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China’s construction under severe pressure from controlled steel output

The Evergrande crisis
is the constructor sector’s major blow

One of China’s largest residential property developers had their credit ratings reduced to CC by S&P Platts and Fitch Ratings. Essentially, Evergrande is neck-deep in debts and expected to default on payments.

A casualty of environmental initiatives?
China’s commitment to reduce carbon emissions by curbing steel outputs put the construction sector in chaos. Major banks in China were warned by the housing authority about Evergrande’s payment default. This caused an uproar among investors and homebuyers. The company is said to be currently wobbling between raising funds and hoping for a lifeline from Beijing.

Apart from S&P Platts, Fitch Ratings concurred that China’s second largest developer is likely to skip payment due in days. Fitch said RMB 572 billion ($88.8 billion) of Evergrande’s loans were held by banks and other financial institutions. However, banks may also have indirect exposure to the developer’s suppliers, who are owed RMB 667 billion for goods and services. “Smaller banks with higher exposure to Evergrande or to other vulnerable developers could face significant increases in non-performing loans (NPLs), depending on how any credit event involving Evergrande develops,” Fitch noted.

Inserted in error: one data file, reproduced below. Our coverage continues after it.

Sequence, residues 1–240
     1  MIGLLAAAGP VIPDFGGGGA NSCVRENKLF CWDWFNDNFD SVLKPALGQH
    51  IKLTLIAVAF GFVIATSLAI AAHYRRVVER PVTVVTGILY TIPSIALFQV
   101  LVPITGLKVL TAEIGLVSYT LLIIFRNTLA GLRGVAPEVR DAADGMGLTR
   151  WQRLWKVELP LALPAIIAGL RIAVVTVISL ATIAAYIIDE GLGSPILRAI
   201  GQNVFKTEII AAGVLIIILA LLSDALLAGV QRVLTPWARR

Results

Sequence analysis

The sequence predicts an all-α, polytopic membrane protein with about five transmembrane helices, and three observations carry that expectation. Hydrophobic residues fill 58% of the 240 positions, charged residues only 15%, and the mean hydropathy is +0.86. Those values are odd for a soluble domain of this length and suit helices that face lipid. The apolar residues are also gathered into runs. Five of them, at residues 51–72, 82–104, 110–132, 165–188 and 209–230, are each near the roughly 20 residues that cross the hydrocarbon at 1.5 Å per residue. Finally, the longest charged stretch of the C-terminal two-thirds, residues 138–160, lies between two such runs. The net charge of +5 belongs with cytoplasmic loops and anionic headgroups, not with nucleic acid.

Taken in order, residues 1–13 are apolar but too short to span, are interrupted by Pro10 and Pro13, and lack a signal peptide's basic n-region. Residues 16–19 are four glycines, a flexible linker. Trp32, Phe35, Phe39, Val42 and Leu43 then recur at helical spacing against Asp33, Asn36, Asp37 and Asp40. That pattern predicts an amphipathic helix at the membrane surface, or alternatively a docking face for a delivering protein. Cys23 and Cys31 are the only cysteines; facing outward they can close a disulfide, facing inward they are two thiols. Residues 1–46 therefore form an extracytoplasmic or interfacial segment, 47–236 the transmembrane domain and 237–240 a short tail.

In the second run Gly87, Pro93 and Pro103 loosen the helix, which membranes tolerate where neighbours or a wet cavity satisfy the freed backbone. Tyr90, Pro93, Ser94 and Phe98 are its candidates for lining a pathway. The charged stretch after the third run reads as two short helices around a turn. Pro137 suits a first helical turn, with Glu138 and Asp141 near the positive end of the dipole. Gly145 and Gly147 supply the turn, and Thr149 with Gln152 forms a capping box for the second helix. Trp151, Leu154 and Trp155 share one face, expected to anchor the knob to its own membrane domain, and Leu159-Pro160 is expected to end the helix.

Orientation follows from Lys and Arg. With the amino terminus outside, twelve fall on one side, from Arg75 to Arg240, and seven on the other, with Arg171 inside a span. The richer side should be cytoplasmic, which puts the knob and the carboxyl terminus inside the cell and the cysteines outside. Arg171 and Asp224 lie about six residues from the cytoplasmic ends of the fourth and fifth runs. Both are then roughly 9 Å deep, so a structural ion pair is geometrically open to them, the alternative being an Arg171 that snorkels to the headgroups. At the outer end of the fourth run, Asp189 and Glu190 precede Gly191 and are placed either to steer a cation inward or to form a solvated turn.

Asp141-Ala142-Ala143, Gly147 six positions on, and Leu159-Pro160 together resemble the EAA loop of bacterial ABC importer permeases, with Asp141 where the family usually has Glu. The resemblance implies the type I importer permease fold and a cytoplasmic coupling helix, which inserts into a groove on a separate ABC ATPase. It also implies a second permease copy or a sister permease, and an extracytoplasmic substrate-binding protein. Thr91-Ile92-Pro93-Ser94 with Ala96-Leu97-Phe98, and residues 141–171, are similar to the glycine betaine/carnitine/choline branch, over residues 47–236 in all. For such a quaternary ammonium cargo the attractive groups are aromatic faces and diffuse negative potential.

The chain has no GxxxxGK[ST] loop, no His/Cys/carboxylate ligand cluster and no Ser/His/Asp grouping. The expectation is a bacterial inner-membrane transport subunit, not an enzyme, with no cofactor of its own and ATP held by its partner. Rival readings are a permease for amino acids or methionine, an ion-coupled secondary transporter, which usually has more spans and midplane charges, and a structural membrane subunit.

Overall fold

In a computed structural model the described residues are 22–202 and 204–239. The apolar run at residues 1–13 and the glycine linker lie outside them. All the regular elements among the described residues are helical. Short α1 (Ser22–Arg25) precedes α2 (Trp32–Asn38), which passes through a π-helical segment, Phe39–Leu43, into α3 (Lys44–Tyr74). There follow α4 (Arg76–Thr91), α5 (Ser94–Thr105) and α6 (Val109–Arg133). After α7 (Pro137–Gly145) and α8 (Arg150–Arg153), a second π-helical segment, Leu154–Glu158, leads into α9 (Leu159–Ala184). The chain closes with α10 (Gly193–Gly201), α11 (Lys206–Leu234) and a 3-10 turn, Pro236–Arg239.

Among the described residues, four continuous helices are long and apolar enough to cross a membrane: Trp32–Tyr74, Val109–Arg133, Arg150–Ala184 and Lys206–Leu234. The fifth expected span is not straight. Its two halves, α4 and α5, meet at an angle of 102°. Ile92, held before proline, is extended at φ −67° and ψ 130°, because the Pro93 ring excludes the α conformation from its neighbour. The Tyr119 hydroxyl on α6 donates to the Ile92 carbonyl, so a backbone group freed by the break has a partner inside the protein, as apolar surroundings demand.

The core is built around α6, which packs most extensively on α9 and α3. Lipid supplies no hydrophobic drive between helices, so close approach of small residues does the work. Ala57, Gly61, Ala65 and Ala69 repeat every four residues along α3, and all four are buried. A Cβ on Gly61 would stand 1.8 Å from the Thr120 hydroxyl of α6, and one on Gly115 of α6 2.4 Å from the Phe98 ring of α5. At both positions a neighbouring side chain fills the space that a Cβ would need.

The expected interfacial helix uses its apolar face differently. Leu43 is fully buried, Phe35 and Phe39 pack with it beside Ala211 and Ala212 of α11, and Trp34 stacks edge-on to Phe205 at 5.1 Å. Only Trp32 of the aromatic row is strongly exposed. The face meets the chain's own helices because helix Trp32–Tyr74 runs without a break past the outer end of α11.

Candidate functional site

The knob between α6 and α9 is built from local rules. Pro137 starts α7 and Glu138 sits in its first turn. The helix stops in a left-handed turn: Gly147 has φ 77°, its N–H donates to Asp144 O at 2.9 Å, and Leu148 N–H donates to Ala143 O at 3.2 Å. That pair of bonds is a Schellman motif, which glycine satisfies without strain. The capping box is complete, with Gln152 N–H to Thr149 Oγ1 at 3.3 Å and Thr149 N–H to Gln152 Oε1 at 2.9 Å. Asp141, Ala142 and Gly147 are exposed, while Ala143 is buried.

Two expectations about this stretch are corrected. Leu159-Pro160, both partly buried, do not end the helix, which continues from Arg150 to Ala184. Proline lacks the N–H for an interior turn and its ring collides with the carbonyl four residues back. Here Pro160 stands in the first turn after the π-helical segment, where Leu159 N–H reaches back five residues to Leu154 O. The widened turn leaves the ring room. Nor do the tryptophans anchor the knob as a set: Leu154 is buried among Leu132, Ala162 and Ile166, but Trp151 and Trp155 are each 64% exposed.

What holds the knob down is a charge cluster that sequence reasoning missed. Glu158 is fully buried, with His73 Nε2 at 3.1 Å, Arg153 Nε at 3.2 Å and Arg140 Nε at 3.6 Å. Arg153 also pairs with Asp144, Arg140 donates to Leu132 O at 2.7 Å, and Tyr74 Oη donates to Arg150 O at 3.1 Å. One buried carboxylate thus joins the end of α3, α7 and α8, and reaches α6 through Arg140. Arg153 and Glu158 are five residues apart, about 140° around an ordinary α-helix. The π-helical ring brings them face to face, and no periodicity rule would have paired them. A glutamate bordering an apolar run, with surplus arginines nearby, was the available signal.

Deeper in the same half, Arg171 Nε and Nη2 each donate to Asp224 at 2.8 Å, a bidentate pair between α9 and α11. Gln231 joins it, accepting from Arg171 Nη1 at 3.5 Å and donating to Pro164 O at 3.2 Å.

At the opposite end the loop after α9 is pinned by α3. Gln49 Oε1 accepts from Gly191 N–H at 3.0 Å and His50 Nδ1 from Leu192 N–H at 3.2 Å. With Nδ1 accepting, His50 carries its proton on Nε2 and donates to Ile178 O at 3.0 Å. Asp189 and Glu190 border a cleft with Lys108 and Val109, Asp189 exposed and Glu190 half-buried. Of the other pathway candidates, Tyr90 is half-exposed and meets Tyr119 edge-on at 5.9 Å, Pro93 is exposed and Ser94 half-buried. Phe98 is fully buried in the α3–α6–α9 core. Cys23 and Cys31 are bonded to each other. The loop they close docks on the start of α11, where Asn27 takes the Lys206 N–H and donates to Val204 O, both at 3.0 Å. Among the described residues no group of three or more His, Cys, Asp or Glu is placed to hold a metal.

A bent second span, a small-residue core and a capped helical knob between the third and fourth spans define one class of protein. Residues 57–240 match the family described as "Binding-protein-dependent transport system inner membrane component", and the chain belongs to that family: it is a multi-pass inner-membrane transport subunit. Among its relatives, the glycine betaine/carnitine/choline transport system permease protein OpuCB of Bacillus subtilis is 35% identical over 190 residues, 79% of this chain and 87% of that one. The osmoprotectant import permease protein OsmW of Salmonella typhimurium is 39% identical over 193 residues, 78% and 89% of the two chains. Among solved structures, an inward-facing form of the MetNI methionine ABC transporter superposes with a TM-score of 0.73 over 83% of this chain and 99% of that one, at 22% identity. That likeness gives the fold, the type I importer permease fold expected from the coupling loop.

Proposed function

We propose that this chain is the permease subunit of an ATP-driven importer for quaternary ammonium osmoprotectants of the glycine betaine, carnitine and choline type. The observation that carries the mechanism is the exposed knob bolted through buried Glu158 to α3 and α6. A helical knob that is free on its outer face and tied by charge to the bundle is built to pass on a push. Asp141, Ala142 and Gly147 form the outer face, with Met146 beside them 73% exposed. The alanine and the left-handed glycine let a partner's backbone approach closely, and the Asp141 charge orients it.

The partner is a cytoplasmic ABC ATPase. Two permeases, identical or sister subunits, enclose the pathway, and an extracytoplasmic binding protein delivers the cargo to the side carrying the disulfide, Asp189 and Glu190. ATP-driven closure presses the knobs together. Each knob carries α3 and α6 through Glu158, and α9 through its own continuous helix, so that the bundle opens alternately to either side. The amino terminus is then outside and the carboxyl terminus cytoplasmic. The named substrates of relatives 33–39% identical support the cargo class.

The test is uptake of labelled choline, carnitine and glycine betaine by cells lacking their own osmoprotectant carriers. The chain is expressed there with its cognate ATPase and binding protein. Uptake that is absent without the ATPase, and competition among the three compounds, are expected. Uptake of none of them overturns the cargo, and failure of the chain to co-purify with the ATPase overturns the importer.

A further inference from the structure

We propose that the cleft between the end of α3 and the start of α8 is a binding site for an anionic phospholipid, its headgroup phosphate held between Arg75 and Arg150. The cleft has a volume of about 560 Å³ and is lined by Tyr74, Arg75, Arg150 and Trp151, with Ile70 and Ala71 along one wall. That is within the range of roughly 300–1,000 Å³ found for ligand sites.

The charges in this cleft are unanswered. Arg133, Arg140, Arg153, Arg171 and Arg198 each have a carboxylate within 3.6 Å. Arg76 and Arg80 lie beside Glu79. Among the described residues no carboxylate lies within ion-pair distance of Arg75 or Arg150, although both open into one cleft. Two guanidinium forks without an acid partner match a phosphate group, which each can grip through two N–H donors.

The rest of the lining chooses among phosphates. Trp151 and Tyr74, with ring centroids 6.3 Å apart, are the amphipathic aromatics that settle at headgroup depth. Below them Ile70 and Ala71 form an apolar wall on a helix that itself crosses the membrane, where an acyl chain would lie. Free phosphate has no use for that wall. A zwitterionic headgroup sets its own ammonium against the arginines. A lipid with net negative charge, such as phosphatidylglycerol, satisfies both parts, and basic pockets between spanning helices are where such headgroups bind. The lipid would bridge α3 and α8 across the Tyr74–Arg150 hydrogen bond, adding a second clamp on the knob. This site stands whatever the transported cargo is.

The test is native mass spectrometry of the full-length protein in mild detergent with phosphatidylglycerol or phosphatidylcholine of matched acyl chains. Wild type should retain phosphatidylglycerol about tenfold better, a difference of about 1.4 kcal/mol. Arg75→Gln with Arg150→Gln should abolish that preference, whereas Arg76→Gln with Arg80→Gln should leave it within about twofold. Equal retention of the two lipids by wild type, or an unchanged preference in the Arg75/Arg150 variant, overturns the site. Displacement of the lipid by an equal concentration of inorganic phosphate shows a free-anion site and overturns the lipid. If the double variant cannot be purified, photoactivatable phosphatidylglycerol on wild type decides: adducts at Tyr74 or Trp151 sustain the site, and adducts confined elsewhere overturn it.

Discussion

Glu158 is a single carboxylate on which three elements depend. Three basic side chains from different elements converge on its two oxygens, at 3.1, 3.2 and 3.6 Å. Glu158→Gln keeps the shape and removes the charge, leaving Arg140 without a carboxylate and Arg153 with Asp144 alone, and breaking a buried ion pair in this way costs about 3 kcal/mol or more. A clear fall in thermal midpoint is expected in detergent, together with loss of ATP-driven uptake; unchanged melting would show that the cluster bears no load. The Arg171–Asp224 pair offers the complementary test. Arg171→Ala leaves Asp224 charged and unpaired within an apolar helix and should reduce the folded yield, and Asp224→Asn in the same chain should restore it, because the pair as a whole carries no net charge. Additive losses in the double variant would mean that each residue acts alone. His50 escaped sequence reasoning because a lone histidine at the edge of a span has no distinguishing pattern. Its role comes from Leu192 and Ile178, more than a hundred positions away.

Perilous chain reaction ahead
The country’s seriousness in reducing steel output was proven by China Iron and Steel Association’s  statistics. It revealed member mills slowed crude steel output slightly to 2.0449 million t/d between 1 and 10 September 2021, as output curbs were maintained at the start of the peak autumn demand season.

The early September pace fell by 0.4pc from 21-31 August 2021, and down by 4.3pc from a year earlier. It was nearly as slow as the pace in early August when mills increased maintenance activities during the slow summer demand season. The drastic reduction unleashed a lethal blow on China’s peak season for steel consumption (September and October). Steel prices soared due to low supply, and inevitably put Australia on heightened alert as iron ore demand is expected to soften.


Marine Online News Team
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